Photo courtesy of photographer Bill Ivester at

The following review is an extended version of “The Sound of a Place,” Brian Volck’s meditation on the new album by Over the Rhine. Consider it the “Director’s Cut.”

The original version was published at Good Letters — the extraordinary blog about faith, art, and culture that is hosted by IMAGE. With the permission of Good Letters’ editors, I’m sharing this post to offer a second opinion to my own review, which I posted here earlier this week. I could have left it that but, well, the doctor is in, and I want you to hear his diagnosis.

Brian Volck is a pediatrician and writer living in Cincinnati.  He graduated from the Seattle Pacific University Creative Writing MFA program in 2007, and his first poetry collection, Flesh Becomes Word, will appear this fall from Dos Madres Press. (You want this book. Trust me.) His writing has appeared in both medical and literary journals. He is currently writing a memoir and researching a book on the intersection of history, culture, and health among the Navajo people.

I have long been an admirer of Brian’s writing, wisdom, and wit, not to mention his excellent taste in music. It’s an honor to share his work here.

Thank you, Brian!

The Sound of a Place

by Brian Volck

“Somewhere is better than anywhere.”  – Flannery O’Connor

Early in the film, Lone Star, written in directed by John Sayles, a man poking about in the Texas borderlands says, “You live in a place, you should learn something about it.” Karin Bergquist and Linford Detweiler have lived in and learned about Ohio most of their lives: rural childhoods, college at Malone College (now University) where they met, and music-making in the historic Cincinnati neighborhood from which their band, Over the Rhine, takes its name. Now living in a nineteenth century house in Highland County, Ohio, the married singer-songwriter duo has spent recent years learning the ways of what they call “Nowhere Farm,” the names of the birds and trees at home there, and the rhythms of the day in a place where, heeding the advice of Detweiler’s father, they’ve kept the edges wild.

While Meet Me at the Edge of the World, Over the Rhine’s new double-CD release, isn’t the first to emerge from Nowhere Farm, it documents a deepening attention to and appreciation of place. Through thoughtful lyrics and tunes drawn from the deep American musical tradition, it’s clear how much Bergquist and Detweiler have become, in agrarian writer Wes Jackson’s words, “native to this place.” Its in the land’s closely observed particulars that they take “… swig(s) of a little kickass beauty,” and their lyrics repeatedly summon details to the mind’s eye: “One lone tupelo stood against the ironweed,” “Just before the day kisses the night/You see the redwing blackbirds fly,” and “Old pre-Civil War brick house/Standin’ tall and straight somehow/Called home.”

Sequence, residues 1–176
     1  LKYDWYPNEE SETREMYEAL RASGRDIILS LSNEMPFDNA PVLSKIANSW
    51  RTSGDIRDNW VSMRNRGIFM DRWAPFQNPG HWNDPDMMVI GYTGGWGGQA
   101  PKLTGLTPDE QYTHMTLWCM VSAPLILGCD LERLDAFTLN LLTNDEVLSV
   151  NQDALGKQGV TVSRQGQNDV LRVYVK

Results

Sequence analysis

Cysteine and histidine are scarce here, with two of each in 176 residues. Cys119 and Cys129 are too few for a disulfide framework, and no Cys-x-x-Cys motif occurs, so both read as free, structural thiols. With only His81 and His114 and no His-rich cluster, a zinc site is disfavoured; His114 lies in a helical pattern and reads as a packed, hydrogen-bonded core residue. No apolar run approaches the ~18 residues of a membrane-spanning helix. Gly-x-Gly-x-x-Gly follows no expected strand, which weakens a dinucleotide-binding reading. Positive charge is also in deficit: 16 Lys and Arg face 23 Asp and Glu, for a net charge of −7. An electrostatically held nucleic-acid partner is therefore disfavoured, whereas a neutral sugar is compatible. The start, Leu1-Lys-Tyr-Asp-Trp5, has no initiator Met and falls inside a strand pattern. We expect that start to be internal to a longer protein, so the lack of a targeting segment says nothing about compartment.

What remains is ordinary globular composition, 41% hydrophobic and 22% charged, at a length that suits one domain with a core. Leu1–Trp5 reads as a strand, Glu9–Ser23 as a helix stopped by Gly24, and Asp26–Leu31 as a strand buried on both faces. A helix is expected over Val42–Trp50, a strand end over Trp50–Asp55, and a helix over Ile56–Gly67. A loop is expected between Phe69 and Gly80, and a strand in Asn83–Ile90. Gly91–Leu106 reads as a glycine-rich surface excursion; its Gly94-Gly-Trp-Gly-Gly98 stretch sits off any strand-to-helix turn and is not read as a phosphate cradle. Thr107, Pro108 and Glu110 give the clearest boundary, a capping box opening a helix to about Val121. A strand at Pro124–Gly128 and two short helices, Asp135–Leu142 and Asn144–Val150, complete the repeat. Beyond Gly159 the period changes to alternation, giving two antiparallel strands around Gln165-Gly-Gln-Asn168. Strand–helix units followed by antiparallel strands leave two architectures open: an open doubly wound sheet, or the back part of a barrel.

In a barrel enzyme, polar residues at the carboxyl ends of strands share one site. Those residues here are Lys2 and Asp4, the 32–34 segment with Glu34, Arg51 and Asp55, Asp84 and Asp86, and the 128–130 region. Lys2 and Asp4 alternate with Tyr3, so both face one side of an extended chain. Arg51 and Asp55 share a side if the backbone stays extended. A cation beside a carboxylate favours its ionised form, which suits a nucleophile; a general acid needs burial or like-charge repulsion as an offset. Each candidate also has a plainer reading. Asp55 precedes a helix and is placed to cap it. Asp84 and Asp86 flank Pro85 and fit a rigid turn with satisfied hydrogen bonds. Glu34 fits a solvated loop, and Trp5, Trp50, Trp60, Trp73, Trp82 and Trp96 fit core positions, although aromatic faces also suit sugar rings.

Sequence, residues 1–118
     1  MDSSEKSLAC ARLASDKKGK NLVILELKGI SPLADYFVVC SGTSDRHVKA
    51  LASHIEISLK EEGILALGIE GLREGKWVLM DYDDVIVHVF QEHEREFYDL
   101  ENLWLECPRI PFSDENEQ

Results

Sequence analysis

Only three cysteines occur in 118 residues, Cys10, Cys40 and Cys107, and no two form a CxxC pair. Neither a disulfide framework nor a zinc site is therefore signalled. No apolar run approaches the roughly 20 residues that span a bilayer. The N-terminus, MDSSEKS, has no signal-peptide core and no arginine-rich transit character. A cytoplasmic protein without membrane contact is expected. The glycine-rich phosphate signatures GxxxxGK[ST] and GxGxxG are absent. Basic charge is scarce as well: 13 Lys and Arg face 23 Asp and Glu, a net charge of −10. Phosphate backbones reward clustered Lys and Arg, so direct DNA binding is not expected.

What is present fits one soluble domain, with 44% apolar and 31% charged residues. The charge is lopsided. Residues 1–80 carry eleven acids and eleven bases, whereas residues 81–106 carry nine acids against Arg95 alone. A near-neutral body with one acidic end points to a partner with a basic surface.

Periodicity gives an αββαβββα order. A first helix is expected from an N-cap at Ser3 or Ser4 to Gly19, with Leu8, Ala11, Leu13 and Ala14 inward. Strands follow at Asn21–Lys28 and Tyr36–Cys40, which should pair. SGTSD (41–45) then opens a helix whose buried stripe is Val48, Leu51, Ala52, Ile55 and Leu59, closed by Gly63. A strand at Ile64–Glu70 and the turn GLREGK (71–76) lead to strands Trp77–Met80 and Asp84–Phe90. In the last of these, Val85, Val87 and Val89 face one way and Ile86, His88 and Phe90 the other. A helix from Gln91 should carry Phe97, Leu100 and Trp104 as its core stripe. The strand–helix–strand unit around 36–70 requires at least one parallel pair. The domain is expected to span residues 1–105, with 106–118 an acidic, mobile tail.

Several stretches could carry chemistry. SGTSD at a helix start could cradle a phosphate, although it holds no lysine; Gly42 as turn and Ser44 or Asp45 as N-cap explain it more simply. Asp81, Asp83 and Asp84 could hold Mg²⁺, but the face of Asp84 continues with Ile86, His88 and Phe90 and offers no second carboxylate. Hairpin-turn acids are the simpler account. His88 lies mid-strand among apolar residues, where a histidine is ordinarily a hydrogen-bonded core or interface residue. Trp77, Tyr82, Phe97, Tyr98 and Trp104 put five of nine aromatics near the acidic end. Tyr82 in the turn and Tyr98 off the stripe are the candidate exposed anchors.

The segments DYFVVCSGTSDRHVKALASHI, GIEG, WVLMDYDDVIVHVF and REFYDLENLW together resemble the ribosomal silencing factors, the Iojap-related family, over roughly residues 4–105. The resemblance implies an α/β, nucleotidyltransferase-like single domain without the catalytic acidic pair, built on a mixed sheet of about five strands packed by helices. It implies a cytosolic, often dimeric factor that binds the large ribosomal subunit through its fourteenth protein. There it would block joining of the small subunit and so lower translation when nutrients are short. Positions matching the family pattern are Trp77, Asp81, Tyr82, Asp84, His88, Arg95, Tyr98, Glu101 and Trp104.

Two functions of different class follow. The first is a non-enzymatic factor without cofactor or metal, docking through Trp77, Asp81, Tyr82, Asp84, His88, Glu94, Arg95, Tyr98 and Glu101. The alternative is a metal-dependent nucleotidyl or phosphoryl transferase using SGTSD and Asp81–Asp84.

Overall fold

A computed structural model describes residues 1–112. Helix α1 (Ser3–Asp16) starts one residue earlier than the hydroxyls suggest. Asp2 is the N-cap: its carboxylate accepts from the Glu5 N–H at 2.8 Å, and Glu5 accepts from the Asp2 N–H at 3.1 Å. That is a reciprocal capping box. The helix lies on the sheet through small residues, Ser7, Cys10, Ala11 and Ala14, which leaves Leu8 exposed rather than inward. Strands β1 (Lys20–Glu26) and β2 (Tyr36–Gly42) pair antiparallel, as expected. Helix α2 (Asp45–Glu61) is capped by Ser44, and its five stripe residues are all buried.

Through the strange alchemy of wordcraft, these carefully rendered particularities of a place – especially a place “called home” – reaches across varieties of experience and memory, making the particular accessible, even familiar. In an increasingly homogenized landscape of strip malls, franchise restaurants, and prefab housing developments, there are never enough reminders that somewhere trumps anywhere, anytime, and that humans who refuse to adapt to their location inevitably cause great – if often unintended – harm to the land and themselves. It’s a vision with deep American roots and limbs leafed with names like William Faulkner, Flannery O’Connor, Robert Frost, Wallace Stegner, and Wendell Berry – writers often lumped together under that backhanded compliment, “regional,” as if megacities like New York City or Chicago somehow transcended limits of place and materiality.